Al-Sadr's whereabouts are unknown since he was reported by the Americans to be absent from Iraq and believed to be in Iran on Feb. 13, a day before the security operation started. The cleric has frequently spoken out against American forces but reportedly gave orders for restraint from his militiamen during the security crackdown.

Four U.S. soldiers, meanwhile, were killed in a roadside bombing Thursday in mainly Shiite eastern Baghdad and the military said it found a sophisticated weapon at the site that was of the type Washington believes is being supplied by Iran to Shiite militias.

Two more American troops were reported killed Friday — a U.S. soldier who died in an explosion Thursday in the volatile Sunni province of Salahuddin, northwest of Baghdad, and a Marine who died in a non-combat incident Thursday in Anbar province, west of the capital. A Marine also died Wednesday in a non-combat incident in Anbar.

At least 74 Americans have been killed in fighting since the U.S.-Iraqi security sweep to stop the sectarian violence in Baghdad began — most in Baghdad or volatile areas north of the capital and to the west in the Sunni insurgent stronghold of Anbar province. At least 3,208 members of the U.S. military have died since the Iraq war began four years ago next week, according to an Associated Press count.

General: U.S. troops at greater risk
U.S. Maj. Gen. Joseph F. Fil Jr., who is on his second tour of Iraq, acknowledged Thursday that U.S. troops were at greater risk in the capital simply because they were in the streets in greater numbers.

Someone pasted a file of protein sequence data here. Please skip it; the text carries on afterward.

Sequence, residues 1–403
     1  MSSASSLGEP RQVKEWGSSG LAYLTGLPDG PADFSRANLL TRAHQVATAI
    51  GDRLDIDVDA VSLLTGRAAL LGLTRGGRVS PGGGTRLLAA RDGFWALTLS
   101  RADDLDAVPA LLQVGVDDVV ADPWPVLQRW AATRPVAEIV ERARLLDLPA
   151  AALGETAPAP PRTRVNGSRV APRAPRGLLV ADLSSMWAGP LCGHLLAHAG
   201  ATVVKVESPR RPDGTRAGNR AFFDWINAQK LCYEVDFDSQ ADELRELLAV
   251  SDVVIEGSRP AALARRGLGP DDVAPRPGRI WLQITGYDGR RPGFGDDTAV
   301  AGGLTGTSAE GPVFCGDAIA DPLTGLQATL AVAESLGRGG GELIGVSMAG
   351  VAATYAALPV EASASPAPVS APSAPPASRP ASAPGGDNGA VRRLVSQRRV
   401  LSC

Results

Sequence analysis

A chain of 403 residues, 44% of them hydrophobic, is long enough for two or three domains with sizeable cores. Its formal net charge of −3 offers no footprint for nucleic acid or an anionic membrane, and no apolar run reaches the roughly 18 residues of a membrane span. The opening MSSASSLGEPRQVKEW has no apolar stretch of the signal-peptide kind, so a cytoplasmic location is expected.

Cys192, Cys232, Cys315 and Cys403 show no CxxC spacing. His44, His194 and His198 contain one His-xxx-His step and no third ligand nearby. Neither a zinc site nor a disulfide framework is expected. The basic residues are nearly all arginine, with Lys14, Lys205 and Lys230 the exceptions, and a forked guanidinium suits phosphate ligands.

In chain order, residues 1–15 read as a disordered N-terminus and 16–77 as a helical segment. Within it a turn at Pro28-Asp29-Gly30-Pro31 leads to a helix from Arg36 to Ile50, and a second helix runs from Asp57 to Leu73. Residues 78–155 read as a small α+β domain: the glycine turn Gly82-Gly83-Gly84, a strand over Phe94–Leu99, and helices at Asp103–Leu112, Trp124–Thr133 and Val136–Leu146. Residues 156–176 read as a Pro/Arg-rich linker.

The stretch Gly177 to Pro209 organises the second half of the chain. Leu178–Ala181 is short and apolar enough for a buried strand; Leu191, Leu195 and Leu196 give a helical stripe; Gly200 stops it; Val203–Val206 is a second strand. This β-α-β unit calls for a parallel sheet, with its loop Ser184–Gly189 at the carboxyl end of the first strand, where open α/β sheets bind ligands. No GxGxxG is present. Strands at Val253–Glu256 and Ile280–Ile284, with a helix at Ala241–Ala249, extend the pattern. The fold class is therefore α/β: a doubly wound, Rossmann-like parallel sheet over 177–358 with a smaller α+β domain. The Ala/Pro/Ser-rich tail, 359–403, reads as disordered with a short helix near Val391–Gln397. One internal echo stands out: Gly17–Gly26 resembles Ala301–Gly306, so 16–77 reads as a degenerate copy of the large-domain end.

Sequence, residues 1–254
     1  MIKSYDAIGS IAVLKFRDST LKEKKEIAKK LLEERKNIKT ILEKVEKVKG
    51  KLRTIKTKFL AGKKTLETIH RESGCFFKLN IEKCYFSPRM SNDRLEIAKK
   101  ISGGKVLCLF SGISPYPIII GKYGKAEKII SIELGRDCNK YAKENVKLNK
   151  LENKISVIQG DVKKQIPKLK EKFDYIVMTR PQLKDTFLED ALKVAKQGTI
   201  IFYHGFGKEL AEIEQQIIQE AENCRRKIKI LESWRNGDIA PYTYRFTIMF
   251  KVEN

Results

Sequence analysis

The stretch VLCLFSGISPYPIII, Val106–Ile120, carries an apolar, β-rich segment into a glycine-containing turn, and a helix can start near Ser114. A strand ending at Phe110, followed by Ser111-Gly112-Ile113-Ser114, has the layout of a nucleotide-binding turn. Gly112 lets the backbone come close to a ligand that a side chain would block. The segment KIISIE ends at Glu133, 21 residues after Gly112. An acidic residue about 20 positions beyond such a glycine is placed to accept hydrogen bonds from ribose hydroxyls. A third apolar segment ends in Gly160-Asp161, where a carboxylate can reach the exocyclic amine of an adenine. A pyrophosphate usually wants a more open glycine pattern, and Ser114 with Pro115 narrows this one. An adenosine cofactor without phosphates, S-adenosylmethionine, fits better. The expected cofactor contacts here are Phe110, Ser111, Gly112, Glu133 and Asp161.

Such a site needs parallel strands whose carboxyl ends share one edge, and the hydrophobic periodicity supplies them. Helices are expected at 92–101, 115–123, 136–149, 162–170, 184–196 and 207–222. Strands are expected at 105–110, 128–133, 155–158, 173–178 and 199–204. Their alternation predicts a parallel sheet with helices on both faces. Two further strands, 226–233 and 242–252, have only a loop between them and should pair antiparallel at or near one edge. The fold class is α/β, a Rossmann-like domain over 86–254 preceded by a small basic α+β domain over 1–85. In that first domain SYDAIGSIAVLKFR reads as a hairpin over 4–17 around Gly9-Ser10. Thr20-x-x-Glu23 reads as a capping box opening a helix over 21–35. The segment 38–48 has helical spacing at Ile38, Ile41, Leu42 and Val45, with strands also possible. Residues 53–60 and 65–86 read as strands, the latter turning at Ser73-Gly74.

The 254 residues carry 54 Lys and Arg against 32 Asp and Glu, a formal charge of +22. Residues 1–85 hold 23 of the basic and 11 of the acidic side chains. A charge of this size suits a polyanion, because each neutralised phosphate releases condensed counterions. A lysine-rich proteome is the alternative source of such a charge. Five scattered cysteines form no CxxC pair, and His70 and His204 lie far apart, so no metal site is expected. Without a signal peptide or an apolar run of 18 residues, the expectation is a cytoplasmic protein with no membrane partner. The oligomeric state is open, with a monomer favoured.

Fil also said the United States would have American soldiers in as many as 100 garrisons scattered throughout Baghdad by the time the last of the additional 20,000-plus troops allocated by President Bush arrive at the end of May. There are now 77 such posts, he said.

The bases will be a combination of Joint Security Stations — command and control centers operated jointly with Iraqis — and small combat outposts.

In northern Iraq, traffic stopped and people stood still in the streets despite rain for a period of silence in Sulaimaniyah and other Kurdish cities to commemorate the anniversary of a 1988 chemical weapons attack on the Kurdish town of Halabja that killed an estimated 5,600 people and left many still suffering the aftereffects of nerve and mustard gas.

Hundreds of victims' relatives and local officials gathered in the city hall in Halabja, 150 miles northeast of Baghdad, and lit 19 candles to symbolize the 19 years since the massacre took place.

Saddam Hussein had ordered the attack as part of a scorched-earth campaign to crush a Kurdish rebellion in the north, seen as aiding the Iranian enemy, although the ousted leader was executed on other crimes against humanity before he could face trial for Halabja.

"Each year on this day, I remember the vicious attack carried out by Saddam against the peaceful city," Tuba Abid, 53, who lost 22 relative in the attack, said as she laid roses on a victims' monument in Halabja. "The execution of Saddam has reduced my pains and I feel more secure after the death of this dictator."

Weather keeps al-Maliki away
Prime Minister Nouri al-Maliki had planned to attend the ceremony, but his plane was unable to land at the airport and was forced to return to Baghdad because of the bad weather, Kurdish officials said.

In other violence Friday, according to officials:

  • Gunmen killed a member of the governmental facilities protection service in Suwayrah, 25 miles south of Baghdad.
  • A police patrol in the northern city of Kirkuk struck a roadside bomb, then was ambushed by gunmen. Two policemen were killed and three civilians wounded.
  • A mortar attack against a Sunni mosque in the southeastern Baghdad neighborhood of Zafaraniyah killed one civilian and wounded two others.